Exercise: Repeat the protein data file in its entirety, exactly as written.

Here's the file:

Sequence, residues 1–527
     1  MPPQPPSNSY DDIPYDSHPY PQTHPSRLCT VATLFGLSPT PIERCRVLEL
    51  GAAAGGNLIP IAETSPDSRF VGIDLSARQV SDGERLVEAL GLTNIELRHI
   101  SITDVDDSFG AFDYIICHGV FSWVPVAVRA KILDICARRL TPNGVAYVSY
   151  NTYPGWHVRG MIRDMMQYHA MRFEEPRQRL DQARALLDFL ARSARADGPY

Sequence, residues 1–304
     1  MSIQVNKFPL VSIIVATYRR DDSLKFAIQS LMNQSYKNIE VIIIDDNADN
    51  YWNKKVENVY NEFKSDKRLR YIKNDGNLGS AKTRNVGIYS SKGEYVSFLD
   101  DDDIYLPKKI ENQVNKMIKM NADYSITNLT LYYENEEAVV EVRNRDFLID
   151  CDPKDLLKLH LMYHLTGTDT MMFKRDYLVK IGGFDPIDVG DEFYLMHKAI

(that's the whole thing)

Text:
Sequence, residues 1–527
     1  MPPQPPSNSY DDIPYDSHPY PQTHPSRLCT VATLFGLSPT PIERCRVLEL
    51  GAAAGGNLIP IAETSPDSRF VGIDLSARQV SDGERLVEAL GLTNIELRHI
   101  SITDVDDSFG AFDYIICHGV FSWVPVAVRA KILDICARRL TPNGVAYVSY
   151  NTYPGWHVRG MIRDMMQYHA MRFEEPRQRL DQARALLDFL ARSARADGPY

Sequence, residues 1–304
     1  MSIQVNKFPL VSIIVATYRR DDSLKFAIQS LMNQSYKNIE VIIIDDNADN
    51  YWNKKVENVY NEFKSDKRLR YIKNDGNLGS AKTRNVGIYS SKGEYVSFLD
   101  DDDIYLPKKI ENQVNKMIKM NADYSITNLT LYYENEEAVV EVRNRDFLID
   151  CDPKDLLKLH LMYHLTGTDT MMFKRDYLVK IGGFDPIDVG DEFYLMHKAI